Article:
ADHD parenting

ADHD Overhaul? How About Small Tweaks Instead?

His pediatrician was initially uncertain about diagnosing 12-year-old Jack (name has been changed) with ADHD. Although the parental questionnaire seemed to indicate ADHD, the teacher questionnaires were not conclusive. Jack was described by his teachers as well-behaved and attentive in class, even if his handwriting was a bit messy and his assignments were not always complete. It was not until the third appointment when Jack started opening up about his “strategies” for school that the pediatrician became convinced that Jack had the inattentive form of attention deficit hyperactivity disorder. 

“So, basically, as soon as the classroom discussion starts, I raise my hand and try to answer the first question,” Jack said. “It’s usually an easy question and I know that after I’ve answered once the teacher won’t call on me again, so I can zone out,” 

Jack said he only paid attention to what the teacher was saying about a third of the time, but that he was still able to figure out how to get started on tasks by sitting near friends (or making friends with his seating partners) and then following their lead on assignments. If Jack felt really lost on an assignment, he would think of a question he could ask the teacher that seemed like he wanted more details, but that would really reveal to him what he was supposed to be doing in the first place. 

Jack also described tackling assignments with great effort for the first five to ten minutes before his energy wore off and then submitting the assignments, even if they were incomplete, because he knew his teachers would let him fool around more if the work was already submitted.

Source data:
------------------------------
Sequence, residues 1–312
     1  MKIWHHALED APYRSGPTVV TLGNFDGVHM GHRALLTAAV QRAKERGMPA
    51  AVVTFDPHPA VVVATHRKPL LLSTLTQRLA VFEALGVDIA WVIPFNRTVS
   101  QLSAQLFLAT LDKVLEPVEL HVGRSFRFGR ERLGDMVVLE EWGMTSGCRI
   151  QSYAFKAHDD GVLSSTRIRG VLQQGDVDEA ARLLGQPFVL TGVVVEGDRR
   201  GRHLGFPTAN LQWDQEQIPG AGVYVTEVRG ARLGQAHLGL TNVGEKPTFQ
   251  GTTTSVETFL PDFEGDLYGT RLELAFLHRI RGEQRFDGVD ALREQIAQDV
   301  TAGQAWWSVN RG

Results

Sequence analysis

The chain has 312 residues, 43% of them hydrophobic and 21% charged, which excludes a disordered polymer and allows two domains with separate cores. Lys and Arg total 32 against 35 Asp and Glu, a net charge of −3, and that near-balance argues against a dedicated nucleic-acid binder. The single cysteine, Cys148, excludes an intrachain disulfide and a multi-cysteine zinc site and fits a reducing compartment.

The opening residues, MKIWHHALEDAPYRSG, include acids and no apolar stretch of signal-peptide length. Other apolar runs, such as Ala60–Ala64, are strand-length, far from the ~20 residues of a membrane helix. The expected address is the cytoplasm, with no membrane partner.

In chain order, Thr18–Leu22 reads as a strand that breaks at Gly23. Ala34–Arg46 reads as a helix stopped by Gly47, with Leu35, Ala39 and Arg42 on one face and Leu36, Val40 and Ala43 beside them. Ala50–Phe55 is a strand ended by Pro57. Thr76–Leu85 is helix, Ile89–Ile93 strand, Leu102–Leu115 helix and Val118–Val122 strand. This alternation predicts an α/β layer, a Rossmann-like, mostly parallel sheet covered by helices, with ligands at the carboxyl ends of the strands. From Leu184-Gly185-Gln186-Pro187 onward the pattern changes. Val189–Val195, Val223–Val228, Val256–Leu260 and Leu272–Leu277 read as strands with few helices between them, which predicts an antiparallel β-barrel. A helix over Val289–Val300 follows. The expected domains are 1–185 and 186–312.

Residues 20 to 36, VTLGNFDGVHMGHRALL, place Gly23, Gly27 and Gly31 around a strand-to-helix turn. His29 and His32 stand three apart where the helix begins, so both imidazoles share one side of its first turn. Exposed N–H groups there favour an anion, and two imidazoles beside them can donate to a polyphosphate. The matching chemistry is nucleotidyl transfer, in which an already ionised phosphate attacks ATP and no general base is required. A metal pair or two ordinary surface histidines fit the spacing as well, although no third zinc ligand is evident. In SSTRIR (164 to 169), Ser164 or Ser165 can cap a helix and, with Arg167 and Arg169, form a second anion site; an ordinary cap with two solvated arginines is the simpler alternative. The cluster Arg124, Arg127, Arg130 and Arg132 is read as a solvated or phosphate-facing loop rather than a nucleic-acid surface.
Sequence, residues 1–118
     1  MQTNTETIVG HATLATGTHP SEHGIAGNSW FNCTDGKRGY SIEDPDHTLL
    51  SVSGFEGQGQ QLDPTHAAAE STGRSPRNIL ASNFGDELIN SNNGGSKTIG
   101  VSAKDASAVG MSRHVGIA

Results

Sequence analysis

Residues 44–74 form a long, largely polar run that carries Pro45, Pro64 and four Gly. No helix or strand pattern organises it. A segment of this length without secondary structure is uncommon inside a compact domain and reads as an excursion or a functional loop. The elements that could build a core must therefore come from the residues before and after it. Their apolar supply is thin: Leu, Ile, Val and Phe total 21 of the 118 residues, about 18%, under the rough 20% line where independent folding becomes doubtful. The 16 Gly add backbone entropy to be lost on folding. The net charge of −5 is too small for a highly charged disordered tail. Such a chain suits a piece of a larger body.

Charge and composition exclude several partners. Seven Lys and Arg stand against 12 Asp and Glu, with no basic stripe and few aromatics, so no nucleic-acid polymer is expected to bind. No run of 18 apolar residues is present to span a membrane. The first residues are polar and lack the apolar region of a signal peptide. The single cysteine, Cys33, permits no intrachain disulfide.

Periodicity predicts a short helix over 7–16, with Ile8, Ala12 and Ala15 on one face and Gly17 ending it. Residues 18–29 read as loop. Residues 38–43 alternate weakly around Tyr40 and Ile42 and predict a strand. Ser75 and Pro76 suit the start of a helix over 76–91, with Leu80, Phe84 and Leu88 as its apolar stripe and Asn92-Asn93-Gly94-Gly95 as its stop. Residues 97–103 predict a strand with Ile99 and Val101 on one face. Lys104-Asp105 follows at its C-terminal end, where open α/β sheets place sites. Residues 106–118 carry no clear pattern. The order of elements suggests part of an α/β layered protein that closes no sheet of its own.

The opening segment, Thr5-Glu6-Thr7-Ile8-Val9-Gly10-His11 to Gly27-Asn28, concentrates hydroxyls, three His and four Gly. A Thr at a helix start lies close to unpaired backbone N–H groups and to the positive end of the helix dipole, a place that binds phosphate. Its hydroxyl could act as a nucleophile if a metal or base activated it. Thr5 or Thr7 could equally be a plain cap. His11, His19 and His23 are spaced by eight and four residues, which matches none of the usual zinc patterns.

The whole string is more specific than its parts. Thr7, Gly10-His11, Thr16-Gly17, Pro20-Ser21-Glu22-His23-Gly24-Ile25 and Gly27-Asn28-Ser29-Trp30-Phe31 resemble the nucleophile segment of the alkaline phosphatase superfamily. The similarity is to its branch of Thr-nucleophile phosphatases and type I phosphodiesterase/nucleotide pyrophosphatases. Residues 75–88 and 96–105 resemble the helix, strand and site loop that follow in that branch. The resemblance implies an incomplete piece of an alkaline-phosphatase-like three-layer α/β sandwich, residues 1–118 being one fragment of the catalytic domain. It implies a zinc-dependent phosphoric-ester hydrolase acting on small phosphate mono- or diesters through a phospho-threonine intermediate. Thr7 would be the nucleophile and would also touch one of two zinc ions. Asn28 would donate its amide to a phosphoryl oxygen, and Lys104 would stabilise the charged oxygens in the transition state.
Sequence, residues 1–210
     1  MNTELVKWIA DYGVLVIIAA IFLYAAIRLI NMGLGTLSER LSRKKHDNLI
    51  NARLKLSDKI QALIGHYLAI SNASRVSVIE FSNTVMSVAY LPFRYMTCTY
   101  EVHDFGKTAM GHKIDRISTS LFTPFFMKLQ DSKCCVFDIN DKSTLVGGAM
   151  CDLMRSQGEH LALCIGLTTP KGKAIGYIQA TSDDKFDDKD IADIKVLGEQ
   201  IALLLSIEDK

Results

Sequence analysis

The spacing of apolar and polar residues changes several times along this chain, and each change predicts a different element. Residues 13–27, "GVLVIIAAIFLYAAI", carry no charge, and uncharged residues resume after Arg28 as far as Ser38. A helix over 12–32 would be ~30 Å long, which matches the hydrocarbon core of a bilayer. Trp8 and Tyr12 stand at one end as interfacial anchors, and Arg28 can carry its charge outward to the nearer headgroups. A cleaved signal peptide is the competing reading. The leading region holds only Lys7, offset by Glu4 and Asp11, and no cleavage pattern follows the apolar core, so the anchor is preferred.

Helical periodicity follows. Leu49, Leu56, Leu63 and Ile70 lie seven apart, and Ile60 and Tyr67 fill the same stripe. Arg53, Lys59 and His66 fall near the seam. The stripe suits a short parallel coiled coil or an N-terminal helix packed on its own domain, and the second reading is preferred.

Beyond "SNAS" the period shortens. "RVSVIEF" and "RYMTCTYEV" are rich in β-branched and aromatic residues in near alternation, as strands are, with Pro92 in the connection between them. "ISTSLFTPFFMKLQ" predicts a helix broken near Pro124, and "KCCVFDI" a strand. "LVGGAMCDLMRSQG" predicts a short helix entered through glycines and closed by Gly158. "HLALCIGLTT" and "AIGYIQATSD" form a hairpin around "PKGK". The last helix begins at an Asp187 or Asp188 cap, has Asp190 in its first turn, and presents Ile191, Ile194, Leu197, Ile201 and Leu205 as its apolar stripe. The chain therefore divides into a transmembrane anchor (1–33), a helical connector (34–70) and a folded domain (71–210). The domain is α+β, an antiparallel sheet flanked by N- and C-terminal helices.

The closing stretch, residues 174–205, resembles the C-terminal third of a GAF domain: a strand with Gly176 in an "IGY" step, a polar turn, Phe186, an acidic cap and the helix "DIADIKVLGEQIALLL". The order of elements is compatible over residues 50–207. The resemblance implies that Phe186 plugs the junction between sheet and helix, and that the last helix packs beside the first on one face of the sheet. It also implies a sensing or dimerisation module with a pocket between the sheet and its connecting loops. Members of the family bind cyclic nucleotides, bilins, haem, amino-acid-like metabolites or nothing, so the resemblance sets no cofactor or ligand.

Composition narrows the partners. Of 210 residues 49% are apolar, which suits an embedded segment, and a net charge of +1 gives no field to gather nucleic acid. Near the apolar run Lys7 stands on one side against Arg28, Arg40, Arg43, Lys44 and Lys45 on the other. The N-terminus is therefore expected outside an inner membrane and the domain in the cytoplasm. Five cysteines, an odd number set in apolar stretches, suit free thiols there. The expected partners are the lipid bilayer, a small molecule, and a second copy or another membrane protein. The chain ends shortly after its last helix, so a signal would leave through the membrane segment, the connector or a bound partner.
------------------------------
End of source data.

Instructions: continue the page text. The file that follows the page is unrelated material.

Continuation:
For better or for worse, Jack had developed all kinds of strategies for managing his ADHD. Unfortunately, some of Jack’s strategies accomplished his short term goal of giving his brain a break, but did not help him obtain the success he would have liked to achieve at school. 

Adaptive strategies are a key component for navigating life successfully with ADHD, and every student with ADHD has a whole arsenault of strategies that help them get through the day. However, as was the case for Jack, some of those strategies end up causing more harm than good. It makes sense that parents and teachers often view these unique self-created strategies as problematic. 

However, even when a kid with ADHD is really struggling, they probably do not need a complete overhaul of their strategies. Sometimes they just need to adapt the clever strategies they are currently using to make those strategies more helpful. 

Like all young people, those with ADHD want to do well. They generally want to please the adults in their life, and feel successful, but they will give up if pleasing the adults and being successful feels impossible. When we can help children and adolescents with ADHD see that their strategies are getting them close to where they want to be (completing work without wearing out their brains), we can help them tweak their strategies to achieve greater success. And yes, sometimes we can help students with ADHD develop new strategies as well. 

Jack’s strategy of getting to work really quickly and zipping through assignments was a pretty helpful approach to getting assignments done. However, this approach was strengthened when Jack’s teacher started looking over Jack’s work the moment he handed it in and pointing out what was still missing. Jack would then take his work back to his desk for round two, which usually involved a bit less effort on his part, but helped stretch his capacity and increase his work quality overall. Jack’s parent’s made sure this strategy was included in his Individual Program Plan. 

When a child gets an ADHD diagnosis it can be overwhelming for the parents and the child. But, instead of trying for a complete overhaul, try searching for what is already working and build on that!

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